Larry Zuckerman


The Potato: How the Humble Spud Rescued the Western World
The Potato tells the story of how a lowly vegetable, once regarded as trash food, has had as revolutionary an impact on Western history as the railroad or the automobile. Using Ireland, England, France, and the United States as examples, the book shows how daily existence between the 1770s and the First World War would have been unrecognizable without the potato, perhaps impossible. A crucial ingredient in the dramatic social changes that accompanied the agricultural and industrial revolutions, the potato both shaped life and helped people cope--and when it failed, disaster resulted, as in Ireland. Once looked upon with scorn--peasants in eighteenth-century France had to be convinced that the ugly, misshapen thing wasn't poisonous--the potato became an everyday essential, without which the rapidly changing demands of modern life would have been that much harder to bear.

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The Rape of Belgium: The Untold Story of World War I
In August 1914, the German Army invaded Belgium because the granite-block roads of Flanders and Brabant seemed to lead to Paris as veins lead toward the heart. The attack violated a treaty that the German chancellor likened to a "scrap of paper," prompting many foreigners to conclude that Germany did not respect international law. When the invaders shot thousands of civilians and burned and looted scores of towns, the news shocked a world that had taken European culture for granted. Allied propagandists invoked the "rape of Belgium" to claim that justice lay on their side, though they often argued the case by telling fables about "barbarians" who had done unspeakable things to women and children.

But no exaggeration was necessary. The real rape of Belgium lasted more than fifty months under an occupation that kept seven million people in fear for their lives, liberty, and property. The real rape had nothing to do with atrocities, real or imagined, but with routine terror and the mindset that condoned it, which put German crimes on another level.

This book shows why the crimes matter, what legacy they left, and why they offer a new way to look at the First World War.

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"Make Hummus, Not Walls"
This article, which ran in Perceptive Travel in May, I wrote following a visit to the contested city of Hebron, Israel. It's quite an eye-opener to see firsthand what appears at a remove in the media.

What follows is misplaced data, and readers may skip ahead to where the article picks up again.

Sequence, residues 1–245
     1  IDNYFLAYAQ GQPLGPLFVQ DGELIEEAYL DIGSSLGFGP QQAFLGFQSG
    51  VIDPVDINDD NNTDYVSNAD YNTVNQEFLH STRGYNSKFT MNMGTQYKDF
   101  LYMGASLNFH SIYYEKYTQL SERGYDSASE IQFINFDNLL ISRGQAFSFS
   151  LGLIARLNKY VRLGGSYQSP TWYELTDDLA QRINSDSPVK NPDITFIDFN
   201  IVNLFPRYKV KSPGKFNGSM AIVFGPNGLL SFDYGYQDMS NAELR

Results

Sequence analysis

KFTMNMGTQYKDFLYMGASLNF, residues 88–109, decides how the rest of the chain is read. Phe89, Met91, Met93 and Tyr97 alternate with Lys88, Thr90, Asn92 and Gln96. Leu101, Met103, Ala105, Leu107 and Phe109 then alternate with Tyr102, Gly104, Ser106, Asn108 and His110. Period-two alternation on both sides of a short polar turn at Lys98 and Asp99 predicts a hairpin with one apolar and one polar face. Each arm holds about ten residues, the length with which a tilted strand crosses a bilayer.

American reviews
of The Potato . . .

"To single [the potato] out as the salvation of the world is, perhaps a tiny bit overzealous--but not, as this book proves, preposterous." --Jonathan Yardley, Washington Post

"Zuckerman's exploration . . . is masterful, executed with economy and wit." --Katherine A. Powers, Boston Sunday Globe

"Delightful history." --Dallas Morning News

PanMacmillan, UK

. . . and British

"Every foible, every absurdity, every act of any significance is lovingly recorded." --Walter Ellis, The Times

"Zuckerman writes in an easy, colloquial style that belies the solid research." --Godfrey Smith, Sunday Times

"The Potato nicely marries rich detail with the wider historical picture." --Penelope Lively, Daily Telegraph

The potato: a labor-saver, a fast food, a budget stretcher, a loan bank, a delicacy, a hedge against famine--and a crucial ingredient in the social changes that swept through Europe and the United States in the eighteenth and nineteenth centuries
In August 1914, the German Army invaded neutral Belgium and burned scores of towns and villages, executing about five thousand civilians. The Belgians cried murder; the Germans insisted that the civilians had fired on them. But the controversy, fanned by propaganda on both sides, obscured a greater crime, the military occupation of Belgium over the next four years, which presaged Nazi Europe.
Magazine Article
A visit to Hebron, where seven hundred soldiers of the Israeli Defense Forces keep an uneasy peace.